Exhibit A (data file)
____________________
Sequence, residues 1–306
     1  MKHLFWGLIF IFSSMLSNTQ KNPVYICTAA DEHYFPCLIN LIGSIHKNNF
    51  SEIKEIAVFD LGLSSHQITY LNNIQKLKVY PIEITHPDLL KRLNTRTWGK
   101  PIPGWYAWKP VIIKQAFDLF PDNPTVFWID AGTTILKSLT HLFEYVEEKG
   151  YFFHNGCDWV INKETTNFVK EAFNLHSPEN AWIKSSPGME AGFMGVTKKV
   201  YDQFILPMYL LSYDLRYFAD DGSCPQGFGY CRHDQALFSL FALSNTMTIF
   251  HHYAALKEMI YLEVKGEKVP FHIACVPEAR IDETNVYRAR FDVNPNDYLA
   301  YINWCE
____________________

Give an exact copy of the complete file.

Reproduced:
Sequence, residues 1–306
     1  MKHLFWGLIF IFSSMLSNTQ KNPVYICTAA DEHYFPCLIN LIGSIHKNNF
    51  SEIKEIAVFD LGLSSHQITY LNNIQKLKVY PIEITHPDLL KRLNTRTWGK
   101  PIPGWYAWKP VIIKQAFDLF PDNPTVFWID AGTTILKSLT HLFEYVEEKG
   151  YFFHNGCDWV INKETTNFVK EAFNLHSPEN AWIKSSPGME AGFMGVTKKV
   201  YDQFILPMYL LSYDLRYFAD DGSCPQGFGY CRHDQALFSL FALSNTMTIF
   251  HHYAALKEMI YLEVKGEKVP FHIACVPEAR IDETNVYRAR FDVNPNDYLA
   301  YINWCE